What do you get when you have seven of Australia’s most enigmatic artists on one track? The result is ‘ONE’, a brooding alt-rap cut that allows each artist to come through in their own way. ZK King’s delicate vocals on the hook provide a moment to breathe, whilst Bayang, Teether, Ryan Fennis, Sevy and Realname bounce off each other, flexing their versatility across Kuya Neil’s thumping production. I think I listened to this song 15 times in one day once. It creeps up on you.
Vv Pete – Jordan 1s
Vv Pete; easily one of the hardest rappers in Australia. To me, she has no competition, but that doesn’t hold her back from levelling up each time. ‘Jordan 1s’ is the Western Sydney artist’s first track of 2023 and it’s got everything we love about a Vv release; signature Utility genre-bending production, a fiery hook that makes you want to throw your ass in a circle, as Vv flexes on everyone around her. The one.
Lydia Kivela – Di$ney
Multi-dimensional artist Lydia Kivela has just dropped their sophomore single ‘Di$ney’, a track that I’ve been waiting for them to release since they came into JUICE and performed it live. A stark contrast from their debut, ‘Di$ney’ is Lydia at their most confident, their most content, as they sing their affirmations set to beautiful, airy production that will literally make you feel like you’re in a Disney movie, singing birds and all.
Hannah Galvin, host of Solstice
Move 78 – Space for the Kidd
Berlin-based quartet Move 78 are one of those striking groups who make releasing very tasteful music appear so effortless. Having recorded their improvised guest mix for BBC 6 Music at the tail end of 2022, the band deconstructed its material and rebuilt it into a 7” vinyl release, housing two contrasting singles – one of those being ‘Space For The Kidd’ featuring Douniah on soothing vocals.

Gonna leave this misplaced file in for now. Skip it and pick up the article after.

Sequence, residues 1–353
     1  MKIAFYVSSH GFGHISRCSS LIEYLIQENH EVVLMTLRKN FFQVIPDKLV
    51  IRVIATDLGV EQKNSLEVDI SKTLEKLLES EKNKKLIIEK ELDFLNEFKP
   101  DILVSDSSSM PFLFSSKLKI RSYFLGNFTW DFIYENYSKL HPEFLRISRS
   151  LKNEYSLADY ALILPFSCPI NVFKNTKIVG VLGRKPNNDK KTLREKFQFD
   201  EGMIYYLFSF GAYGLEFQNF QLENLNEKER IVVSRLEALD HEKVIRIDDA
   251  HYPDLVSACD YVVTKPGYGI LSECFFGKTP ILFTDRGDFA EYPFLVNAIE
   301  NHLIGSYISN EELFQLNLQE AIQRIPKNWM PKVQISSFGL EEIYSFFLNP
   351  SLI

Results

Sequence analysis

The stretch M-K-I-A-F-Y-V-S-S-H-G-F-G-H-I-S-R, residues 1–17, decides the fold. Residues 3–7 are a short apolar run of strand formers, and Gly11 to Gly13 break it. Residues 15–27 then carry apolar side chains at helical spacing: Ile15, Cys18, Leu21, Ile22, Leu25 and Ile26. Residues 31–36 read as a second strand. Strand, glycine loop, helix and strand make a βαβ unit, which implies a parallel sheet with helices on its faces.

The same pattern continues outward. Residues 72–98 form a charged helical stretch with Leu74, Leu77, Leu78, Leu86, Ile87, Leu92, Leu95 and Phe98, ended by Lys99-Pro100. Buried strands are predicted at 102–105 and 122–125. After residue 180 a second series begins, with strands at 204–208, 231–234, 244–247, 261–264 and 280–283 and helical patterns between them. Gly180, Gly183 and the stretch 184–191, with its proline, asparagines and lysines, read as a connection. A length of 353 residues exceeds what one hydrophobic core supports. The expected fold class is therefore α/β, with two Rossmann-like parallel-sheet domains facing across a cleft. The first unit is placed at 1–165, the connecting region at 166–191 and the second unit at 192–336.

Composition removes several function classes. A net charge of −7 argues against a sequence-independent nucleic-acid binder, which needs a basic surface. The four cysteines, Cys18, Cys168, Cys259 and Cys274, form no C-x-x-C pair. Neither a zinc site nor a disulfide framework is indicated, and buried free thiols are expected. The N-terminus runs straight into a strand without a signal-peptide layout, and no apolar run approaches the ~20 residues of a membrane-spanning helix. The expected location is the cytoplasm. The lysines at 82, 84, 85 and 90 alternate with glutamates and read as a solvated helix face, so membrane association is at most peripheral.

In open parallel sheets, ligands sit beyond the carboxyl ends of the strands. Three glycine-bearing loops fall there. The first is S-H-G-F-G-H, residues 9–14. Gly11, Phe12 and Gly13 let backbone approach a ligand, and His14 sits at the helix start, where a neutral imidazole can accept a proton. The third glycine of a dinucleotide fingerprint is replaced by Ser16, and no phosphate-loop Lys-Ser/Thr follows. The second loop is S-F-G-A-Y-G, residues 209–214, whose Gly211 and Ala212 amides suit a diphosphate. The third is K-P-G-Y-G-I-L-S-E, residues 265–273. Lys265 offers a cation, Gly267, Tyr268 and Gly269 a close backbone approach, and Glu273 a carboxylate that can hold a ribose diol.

Synergetic seasonal shift of mood drapes over the dreary demeanour, as our protagonist harps heavy lacklustre energy into the imminent three cool months ahead. Despondent yet not quite dramatic, the disdain propelled towards the greyer quarter carries a sombre yet sexy edge.
Billowing the wobbling belly of the burden bleeds a gaseous fog so thick, it niggles and weaves its way into every crevice. Dancing with the weight of our contending baseline, this permeation eventually overwhelms all other parties; blanketing ‘Space For The Kidd’s ecosystem into a forced hibernation.
Speakers Corner Quartet – Geronimo Blues (feat. Kae Tempest)
South Londoner’s Speakers Corner Quartet come full circle with the release of their debut LP Further Out Than The Edge. Blossoming as the house band to a Brixton spoken-word poetry night, the group came into their own and flourished with an insatiable hunger for collaboration. It’s no wonder why the album’s featured friend list is so extensive. Amongst Sampha, Tirzah, Joe Armon-Jones and Shabaka Hutchins, multi-talented wordsmith Kae Tempest wrangles the emotively charged display that is ‘Geronimo Blues’.
Like lungs to a whisper, solemnly delicate strings contort into the nest cradling Kae Tempest’s bitingly powerful poetry. Cushioning the release of each vulnerability, the strength in addressing this uncomfortable reality is counterplayed by the steep climb of steps that sharply push you off and see you back at the bottom, only to tirelessly try again. Steps that symbolise the culture of the words present, brushing the stroke to a painting of corruption from both then and now; emphatically referencing American parachutists plummeting out of blimps during the second World War.
A plummet akin to the noise and systemic toxicity we as a planet find ourselves falling deeper into – granted a lack of change.
With dangled carrots like “Come into the future, it’s lovely over here” tricked temptation is met with space, as a cry unleashes midway through the song, and yet with no sound at all.
Reinviting texture as a forceful series of rules disarm a terrible taste in your mouth, the ground grows nearer through the squeal of terror; just like those parachutists faced shouting the name “Geronimo” into the air they were breaking.